Thanks to the magnificent benefits of socialism, the internet in Cuba for the average citizen is expensive, painfully slow, difficult to find and access, and censored.
Internet in Cuba, as Witnessed by the Average Citizen
The notion of a socialist country having a profitable and sustainable economy may be the most flagrant myth I’ve ever heard in my life. You’d have to be a hypocrite to actually believe in such a thing.
How can a society prosper when its citizens are essentially living as slaves with near-absolute dependence on a tiny governing elite? Such is the unfortunate case in Cuba, where President Raúl Castro has ruled since 2006.
On the island and abroad, socialism exists as an inefficient mode of governance partly because it removes a primary factor in creating widespread prosperity: private property. Just look at a simple aspect of life that so many of us outside of Cuba take advantage of: internet.
Internet remains illegal on private residences in Cuba, but the government has slowly been loosening regulations since 2007 by opening up wifi hotspots on some parts of the island. More recently, the government has designated areas called “navigation rooms,” which allow even more residents to make use of public internet. Or at least, that was the idea. Such a “dream come true” rarely lasts under socialism.
The updated price for an hour of internet access is supposedly 1 CUC (US $1). That’s equivalent to 25 CUP, which is also equivalent to about two days of work. Internet isn’t accessible to the average worker, let alone a retiree, for even one hour. The people can barely afford to live off their salaries and pensions, let alone pay for internet.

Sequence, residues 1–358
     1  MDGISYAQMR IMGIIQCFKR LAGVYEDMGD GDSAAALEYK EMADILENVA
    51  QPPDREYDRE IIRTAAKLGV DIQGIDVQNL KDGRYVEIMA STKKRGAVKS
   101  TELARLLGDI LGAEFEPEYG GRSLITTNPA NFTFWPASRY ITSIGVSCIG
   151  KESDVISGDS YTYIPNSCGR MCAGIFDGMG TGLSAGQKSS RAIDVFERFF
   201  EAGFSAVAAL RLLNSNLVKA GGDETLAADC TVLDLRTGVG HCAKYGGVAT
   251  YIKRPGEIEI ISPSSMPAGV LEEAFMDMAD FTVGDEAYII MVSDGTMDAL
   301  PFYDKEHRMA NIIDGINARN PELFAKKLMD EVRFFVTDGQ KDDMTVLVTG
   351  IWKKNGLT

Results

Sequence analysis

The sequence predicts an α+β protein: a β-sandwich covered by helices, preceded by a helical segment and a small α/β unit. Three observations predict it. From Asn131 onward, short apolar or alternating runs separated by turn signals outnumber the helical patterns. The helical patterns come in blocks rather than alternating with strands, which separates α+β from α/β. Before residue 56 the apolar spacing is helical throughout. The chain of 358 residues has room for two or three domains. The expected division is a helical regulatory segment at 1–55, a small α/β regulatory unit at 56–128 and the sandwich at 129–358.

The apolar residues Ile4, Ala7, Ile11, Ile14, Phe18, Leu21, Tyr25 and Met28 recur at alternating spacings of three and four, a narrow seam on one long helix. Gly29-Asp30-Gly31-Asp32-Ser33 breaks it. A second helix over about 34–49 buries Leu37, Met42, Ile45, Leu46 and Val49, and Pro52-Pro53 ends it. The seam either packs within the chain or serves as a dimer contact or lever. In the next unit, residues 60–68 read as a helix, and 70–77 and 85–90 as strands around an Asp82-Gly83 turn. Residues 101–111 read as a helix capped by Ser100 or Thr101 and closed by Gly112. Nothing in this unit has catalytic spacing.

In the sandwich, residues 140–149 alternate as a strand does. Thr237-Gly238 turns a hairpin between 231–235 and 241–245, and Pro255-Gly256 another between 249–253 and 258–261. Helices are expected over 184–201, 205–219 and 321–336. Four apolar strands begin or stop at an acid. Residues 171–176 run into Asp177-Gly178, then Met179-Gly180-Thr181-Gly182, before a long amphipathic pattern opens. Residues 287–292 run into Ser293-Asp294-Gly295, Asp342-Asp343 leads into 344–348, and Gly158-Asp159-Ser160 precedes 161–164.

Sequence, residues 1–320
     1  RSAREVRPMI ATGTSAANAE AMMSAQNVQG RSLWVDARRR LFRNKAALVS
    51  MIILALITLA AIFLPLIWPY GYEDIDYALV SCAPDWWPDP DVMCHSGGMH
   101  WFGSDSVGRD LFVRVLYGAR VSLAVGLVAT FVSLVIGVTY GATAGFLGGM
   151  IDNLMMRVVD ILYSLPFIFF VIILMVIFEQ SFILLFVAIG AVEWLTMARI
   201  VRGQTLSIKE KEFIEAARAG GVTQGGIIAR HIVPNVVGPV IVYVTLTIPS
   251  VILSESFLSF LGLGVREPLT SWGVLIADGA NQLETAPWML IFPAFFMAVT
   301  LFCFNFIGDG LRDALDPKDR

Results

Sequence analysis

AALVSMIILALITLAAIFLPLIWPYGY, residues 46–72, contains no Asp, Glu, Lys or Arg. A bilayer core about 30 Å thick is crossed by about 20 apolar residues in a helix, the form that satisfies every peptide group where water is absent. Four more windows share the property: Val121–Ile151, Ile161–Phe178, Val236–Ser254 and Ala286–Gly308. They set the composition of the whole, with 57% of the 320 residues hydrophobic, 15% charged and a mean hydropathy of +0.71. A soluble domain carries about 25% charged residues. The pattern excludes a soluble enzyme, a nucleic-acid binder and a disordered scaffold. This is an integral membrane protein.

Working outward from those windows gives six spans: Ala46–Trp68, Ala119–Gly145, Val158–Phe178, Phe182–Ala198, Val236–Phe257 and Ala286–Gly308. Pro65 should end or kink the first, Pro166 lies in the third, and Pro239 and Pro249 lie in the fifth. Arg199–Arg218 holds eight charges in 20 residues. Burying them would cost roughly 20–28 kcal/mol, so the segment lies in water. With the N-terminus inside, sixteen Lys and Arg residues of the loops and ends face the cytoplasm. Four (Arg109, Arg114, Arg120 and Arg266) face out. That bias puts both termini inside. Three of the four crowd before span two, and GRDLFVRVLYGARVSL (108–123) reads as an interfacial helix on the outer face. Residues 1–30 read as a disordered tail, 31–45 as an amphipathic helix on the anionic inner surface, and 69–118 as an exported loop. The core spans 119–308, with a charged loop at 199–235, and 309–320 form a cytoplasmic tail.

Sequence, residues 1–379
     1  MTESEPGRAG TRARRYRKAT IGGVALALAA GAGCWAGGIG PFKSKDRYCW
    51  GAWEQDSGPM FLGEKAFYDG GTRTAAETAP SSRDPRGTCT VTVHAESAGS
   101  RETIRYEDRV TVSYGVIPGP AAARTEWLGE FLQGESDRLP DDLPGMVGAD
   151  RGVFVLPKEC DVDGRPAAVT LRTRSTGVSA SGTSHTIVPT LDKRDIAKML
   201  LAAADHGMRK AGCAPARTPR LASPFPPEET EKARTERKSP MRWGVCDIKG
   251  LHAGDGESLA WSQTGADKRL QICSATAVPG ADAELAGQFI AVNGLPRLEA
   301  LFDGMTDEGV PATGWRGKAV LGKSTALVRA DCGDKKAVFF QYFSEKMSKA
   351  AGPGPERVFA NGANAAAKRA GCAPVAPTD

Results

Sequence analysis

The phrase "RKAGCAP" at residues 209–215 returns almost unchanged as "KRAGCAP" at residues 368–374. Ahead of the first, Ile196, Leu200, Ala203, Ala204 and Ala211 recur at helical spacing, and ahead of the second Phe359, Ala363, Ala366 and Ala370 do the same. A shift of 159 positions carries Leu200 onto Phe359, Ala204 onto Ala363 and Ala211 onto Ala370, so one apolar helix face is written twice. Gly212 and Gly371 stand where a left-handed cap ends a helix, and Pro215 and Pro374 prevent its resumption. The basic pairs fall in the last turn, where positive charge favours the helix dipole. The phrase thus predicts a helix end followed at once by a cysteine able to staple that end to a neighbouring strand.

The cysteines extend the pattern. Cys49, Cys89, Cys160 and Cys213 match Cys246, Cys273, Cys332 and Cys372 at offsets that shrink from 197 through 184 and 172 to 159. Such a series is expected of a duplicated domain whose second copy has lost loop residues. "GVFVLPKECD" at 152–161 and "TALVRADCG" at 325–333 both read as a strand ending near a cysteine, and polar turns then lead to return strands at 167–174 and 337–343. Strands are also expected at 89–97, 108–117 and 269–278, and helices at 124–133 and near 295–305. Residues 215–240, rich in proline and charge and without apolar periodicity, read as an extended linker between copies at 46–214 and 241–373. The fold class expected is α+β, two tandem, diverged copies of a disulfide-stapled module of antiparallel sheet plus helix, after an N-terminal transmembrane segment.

That 25 CUP per hour is really only good for one half an hour after taking into account slow connectivity and loading times. That’s two days of work for 30 minutes of internet access.
The only other option is to go to a navigation room, like the one called La Fuente on 51st Street in the capital municipality of La Lisa. Best-case scenario, you lose half an hour or so waiting for a connection. The state feels entitled to take its time and to interrupt connections as it pleases, making the notion of open internet access nothing more than an illusion.
The inefficiencies of Cuban internet do not end there, unfortunately. La Fuente only has three machines, one of which has been out of service for over two months, meaning that you often have to spend hours waiting in line for your turn.
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